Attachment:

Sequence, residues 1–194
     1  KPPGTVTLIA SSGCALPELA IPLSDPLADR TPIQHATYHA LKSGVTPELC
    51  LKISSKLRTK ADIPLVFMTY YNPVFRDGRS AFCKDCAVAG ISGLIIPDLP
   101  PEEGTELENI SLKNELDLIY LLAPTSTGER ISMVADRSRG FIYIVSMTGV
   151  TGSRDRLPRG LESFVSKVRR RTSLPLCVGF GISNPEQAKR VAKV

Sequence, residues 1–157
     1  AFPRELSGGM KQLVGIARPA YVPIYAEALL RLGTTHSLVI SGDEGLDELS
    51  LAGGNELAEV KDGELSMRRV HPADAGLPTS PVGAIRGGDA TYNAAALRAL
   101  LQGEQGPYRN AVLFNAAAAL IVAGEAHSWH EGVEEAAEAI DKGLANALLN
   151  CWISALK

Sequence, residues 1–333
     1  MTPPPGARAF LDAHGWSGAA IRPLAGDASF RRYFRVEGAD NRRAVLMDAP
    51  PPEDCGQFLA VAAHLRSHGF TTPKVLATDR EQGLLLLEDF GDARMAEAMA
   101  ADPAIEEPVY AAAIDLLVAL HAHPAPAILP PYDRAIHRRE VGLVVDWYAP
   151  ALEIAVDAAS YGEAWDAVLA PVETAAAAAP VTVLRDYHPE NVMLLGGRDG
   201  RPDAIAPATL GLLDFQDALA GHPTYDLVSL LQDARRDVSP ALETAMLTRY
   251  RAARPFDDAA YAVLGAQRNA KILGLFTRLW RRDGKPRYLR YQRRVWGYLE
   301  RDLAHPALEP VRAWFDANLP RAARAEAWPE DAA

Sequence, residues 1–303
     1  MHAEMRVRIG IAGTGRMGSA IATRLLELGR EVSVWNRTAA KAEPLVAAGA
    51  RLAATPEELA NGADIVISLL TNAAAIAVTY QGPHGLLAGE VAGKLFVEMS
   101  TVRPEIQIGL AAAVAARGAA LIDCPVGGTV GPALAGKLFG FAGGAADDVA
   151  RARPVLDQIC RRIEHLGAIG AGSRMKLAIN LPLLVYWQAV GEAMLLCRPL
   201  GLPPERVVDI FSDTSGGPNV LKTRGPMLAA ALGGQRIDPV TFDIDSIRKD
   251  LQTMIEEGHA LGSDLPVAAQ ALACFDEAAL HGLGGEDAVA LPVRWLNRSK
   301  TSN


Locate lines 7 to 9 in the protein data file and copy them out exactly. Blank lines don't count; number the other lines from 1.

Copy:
     1  AFPRELSGGM KQLVGIARPA YVPIYAEALL RLGTTHSLVI SGDEGLDELS
    51  LAGGNELAEV KDGELSMRRV HPADAGLPTS PVGAIRGGDA TYNAAALRAL
   101  LQGEQGPYRN AVLFNAAAAL IVAGEAHSWH EGVEEAAEAI DKGLANALLN